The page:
assumed for the base and sinister purpose of promoting
the sectarian interests at the expense of the church.

We have been led to make these remarks from what is related in Dr. Hales's present pamphlet, of the offence taken by Mr. Benson at some commendations - passed by the Christian Observer upon the spirit manifested in the first part of Methodism Inspecteda

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The same spirit of love and tenderness is manifested in the tract before us, though the learned author has been rudely assailed and vilitied by the Methodists both in England and in Ireland. He treats them as Christian brethren while he inspects acutely, and reproves strongly, some of their leading errors and inconsistencies.

Blended with the graver matter of argument and critical discussion, are some curious and entertaining anecdotes, which Dr. Hales introduces with happy effect. The following narrative of a conversation with the celebrated John Wesley, is amusing, and strongly displays the credulity of that eccentric man.

" About the year 1787, I had the pleasure of meeting Mr. Wesley, Doctor Coke, and some of their assistant preachers, with several of the most respectable members of the Dublin Society, at the hospitable table of a common friend, in Granby-row.

“The conversation during dinner, happening to turn on the subject of Witchcraft, I asked Mr. Wesley whether he had read, and if so, what he thought of Bishop Hutchinson's book upon Witches ?--After some pause, finding that he made no answer, I repeated the question; on which he declared that Bishop Hutchinson and the whole bench of Bishops together, could not invalidate the reality of witchcraft. And when I expressed some surprise, he repeated a story of a gentleman of consideration in the North of England about twenty years before, who suddenly disappeared, and after a fruitless search for some time, was generally suspected to have been privily murdered. Some time after a person in the neighbourhood, voluntarily came forward, and accused himself and two of his own brothers of having perpetrated the deed; which they peremptorily denied. However, on his persisting in the accrisation, and declaring that nothing but remorse of conscience extorted this confession ; they were all conslemned and executed. But strange to relate, shortly after, the gentleman who had been missing, returned home from France, whither he had absconded for debt. Mr. Wesley then asked me whether the informer's conduct respecting himself and his brothers, was not plain evidence of witchcraft or demoniacul possession? I rather ascribed it to phrenzy or madness : upon which one of the preachers, (whose name I forget) to convince my incredulity, told a tale of a haunted house, near Dungannon, in the north of Ireland; which he assured me and the company, happened a year or two before, while he was in that neighbourhood :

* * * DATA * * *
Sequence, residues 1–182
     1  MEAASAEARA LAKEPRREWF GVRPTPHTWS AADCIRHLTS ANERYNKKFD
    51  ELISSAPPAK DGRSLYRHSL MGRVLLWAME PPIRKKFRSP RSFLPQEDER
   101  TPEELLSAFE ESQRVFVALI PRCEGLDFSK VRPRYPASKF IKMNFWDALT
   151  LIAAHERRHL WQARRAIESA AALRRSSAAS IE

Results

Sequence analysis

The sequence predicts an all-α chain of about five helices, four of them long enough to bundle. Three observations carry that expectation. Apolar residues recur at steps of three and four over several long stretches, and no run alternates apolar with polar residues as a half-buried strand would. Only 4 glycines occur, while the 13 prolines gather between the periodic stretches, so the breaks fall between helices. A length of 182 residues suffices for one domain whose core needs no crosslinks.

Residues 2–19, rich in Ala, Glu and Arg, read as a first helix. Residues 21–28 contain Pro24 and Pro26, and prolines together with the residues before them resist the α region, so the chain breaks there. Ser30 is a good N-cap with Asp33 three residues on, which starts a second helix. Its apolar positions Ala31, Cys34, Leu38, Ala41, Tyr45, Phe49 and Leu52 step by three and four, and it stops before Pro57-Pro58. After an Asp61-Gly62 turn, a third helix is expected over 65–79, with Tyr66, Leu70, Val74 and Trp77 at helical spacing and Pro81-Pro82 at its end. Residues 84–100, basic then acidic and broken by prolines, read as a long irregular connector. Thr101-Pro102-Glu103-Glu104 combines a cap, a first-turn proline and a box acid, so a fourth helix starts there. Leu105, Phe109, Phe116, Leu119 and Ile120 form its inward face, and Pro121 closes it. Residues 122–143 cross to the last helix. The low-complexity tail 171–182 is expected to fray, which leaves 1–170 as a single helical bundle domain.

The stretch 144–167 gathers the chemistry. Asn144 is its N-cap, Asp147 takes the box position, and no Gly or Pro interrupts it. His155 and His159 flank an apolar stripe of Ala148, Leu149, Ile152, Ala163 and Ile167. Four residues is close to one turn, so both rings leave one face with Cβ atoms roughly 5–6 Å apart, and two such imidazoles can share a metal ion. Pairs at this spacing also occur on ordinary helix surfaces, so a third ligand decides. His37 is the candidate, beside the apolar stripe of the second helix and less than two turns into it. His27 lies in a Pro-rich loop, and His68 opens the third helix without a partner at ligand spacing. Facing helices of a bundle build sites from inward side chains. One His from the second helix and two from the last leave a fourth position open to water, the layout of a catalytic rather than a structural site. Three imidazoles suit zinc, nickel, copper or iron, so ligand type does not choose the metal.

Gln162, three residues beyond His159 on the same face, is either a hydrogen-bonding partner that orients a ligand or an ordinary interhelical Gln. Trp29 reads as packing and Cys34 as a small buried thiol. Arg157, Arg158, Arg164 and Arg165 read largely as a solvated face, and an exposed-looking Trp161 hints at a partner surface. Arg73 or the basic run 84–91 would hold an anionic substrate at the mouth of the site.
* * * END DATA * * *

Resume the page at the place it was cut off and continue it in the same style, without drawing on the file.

An officer, quartered at Dungannon, one evening, when rather pot-valiant, went, by himself, to the haunted house, knocked at the door, and demanded to see the ghost. : An old woman who opened the door of the cabin, warned him to repress his curiosity, for the ghost, if provoked, might make him repeut his intrusion;